PREVIOUSLY: The battle went on for some time—the bad guys just didn’t seem to want to expose themselves.
That caused their fire to miss—by a wide margin.
On the other hand—both Farkleberry and Silverthorn were expert shots (who knew? We’ve never seen them in combat—GENTLE READER—right?) and were taking their toll on the hapless bad guys.
One by one they fell—yet, they were persistent.
In the end—all were either dead, or dying.
There’s an unexpected moral to this story—DON’T MESS WITH FARKLETHORN!
They climbed back into Hiram’s 1958 Ford F100 4×4—and drove off into the sunset!
Just like the heroes of all good westerns.
Season 15—Adventure 3—NIPIGON—Episode 1—Scene 1… At the Canadian Border… As they pulled into crossing—Hiram and Medlar couldn’t help but notice the Mountie in front bore a striking resemblance to Debra Wennen Miller—and how HUGE a dog she had at her side.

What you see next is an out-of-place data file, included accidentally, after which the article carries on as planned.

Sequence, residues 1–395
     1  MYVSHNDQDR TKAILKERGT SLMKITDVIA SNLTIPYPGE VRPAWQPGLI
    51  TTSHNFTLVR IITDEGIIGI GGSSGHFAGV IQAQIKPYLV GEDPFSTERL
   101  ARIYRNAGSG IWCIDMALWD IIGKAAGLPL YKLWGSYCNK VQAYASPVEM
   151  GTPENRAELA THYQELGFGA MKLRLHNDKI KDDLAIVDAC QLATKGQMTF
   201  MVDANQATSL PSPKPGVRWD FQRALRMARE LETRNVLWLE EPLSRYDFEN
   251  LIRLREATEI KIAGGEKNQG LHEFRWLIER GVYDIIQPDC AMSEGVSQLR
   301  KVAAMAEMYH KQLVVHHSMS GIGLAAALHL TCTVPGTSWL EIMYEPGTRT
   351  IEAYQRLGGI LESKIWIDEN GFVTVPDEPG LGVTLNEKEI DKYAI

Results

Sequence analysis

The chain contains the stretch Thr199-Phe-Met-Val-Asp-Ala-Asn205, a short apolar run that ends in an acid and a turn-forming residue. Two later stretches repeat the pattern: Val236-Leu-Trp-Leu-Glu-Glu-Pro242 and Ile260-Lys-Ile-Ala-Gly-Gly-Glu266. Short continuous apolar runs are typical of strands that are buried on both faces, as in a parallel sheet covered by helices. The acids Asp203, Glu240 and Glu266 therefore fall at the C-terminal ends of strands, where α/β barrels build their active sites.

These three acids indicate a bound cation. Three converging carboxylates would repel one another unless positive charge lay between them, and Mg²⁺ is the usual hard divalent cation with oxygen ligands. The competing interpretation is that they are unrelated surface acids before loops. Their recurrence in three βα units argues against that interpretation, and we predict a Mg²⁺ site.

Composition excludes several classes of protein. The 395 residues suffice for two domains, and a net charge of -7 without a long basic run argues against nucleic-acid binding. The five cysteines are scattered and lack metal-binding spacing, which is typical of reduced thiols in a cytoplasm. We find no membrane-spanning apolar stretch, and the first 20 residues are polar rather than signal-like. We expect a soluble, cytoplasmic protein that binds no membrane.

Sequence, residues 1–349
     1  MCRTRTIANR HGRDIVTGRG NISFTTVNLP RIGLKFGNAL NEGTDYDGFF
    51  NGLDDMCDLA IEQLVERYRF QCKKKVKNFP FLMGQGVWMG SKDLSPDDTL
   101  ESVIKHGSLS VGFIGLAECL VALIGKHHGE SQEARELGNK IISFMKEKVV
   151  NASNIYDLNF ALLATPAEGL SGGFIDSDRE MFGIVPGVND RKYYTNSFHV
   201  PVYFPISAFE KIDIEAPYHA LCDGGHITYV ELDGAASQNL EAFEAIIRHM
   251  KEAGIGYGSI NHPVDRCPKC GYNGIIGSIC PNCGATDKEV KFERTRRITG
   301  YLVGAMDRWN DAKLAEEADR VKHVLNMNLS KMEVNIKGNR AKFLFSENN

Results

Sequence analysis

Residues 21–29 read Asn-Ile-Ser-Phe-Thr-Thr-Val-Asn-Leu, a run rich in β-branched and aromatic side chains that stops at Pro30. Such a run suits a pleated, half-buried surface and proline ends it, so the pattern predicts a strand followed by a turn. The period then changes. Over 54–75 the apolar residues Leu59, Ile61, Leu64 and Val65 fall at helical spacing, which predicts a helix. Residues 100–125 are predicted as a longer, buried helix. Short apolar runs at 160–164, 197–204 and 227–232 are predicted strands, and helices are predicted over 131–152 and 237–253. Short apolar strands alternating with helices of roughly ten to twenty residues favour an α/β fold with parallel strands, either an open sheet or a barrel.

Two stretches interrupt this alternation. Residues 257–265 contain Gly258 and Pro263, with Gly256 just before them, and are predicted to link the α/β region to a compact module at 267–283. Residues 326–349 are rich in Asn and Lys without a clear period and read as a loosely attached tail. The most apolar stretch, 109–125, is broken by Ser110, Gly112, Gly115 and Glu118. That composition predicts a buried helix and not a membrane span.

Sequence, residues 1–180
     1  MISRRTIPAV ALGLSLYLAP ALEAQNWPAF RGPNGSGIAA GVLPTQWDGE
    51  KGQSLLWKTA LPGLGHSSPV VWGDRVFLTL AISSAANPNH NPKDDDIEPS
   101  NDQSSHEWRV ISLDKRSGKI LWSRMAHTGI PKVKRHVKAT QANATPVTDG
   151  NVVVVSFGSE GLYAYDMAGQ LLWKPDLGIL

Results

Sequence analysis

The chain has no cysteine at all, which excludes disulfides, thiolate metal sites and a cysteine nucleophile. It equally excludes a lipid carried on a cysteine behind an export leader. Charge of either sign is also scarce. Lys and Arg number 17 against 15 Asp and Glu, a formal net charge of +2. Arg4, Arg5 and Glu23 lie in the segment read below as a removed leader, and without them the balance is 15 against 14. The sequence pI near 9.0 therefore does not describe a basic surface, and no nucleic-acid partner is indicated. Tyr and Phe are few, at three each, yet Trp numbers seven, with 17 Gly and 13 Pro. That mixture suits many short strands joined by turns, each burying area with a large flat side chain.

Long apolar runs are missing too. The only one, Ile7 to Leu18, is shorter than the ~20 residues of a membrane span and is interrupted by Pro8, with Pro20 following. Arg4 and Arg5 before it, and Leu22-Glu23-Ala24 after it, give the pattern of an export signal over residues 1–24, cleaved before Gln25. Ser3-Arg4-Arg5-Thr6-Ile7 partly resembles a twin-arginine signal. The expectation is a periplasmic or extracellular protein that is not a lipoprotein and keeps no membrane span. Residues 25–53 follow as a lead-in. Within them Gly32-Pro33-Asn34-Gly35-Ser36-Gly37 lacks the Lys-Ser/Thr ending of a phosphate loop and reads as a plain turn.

The Mountie in front bore a striking resemblance
When she came up to the truck’s window both Hiram and Medlar presented their passports and their firearms licenses—both US and Canada’s licenses, “I see you gentlemen have been here before—eh?”
“Yes,” Hiram replied, “Every year for the past twenty years we go to the Lake Nipigon Ojibwe Reservation to visit my cousins.”
“Why the permits?
“Our annual competition—this year I hope to win back my championship.”
It wasn’t a question.
Episode 1—Scene 2… 20 miles south of the Canadian border… Reverend Rupert Festus Wilbur and crew had separated—with the weapons carrier separated from the car and its two native Canadians, Mick and Dorcas, headed for back roads on which he could cross into Canada without passing through the manned border crossing—with his load of weapons.
“This is always fun,” Mick said to his helper, Dorcas, “It just never gets old.”
“It just never gets old.”
“It sure doesn’t. I can’t remember the last time we passed through the border station.”
The old rough-riding Dodge-built weapons carrier was made for roads like this. Steep hills, unbridged streams, no villages or towns. Even the twenty miles cross-country where there were no roads or trails—100 miles of torture just to slip into and out of Canada.
While the US Border Patrol covered the roads, they didn’t bother looking where there weren’t roads or trails.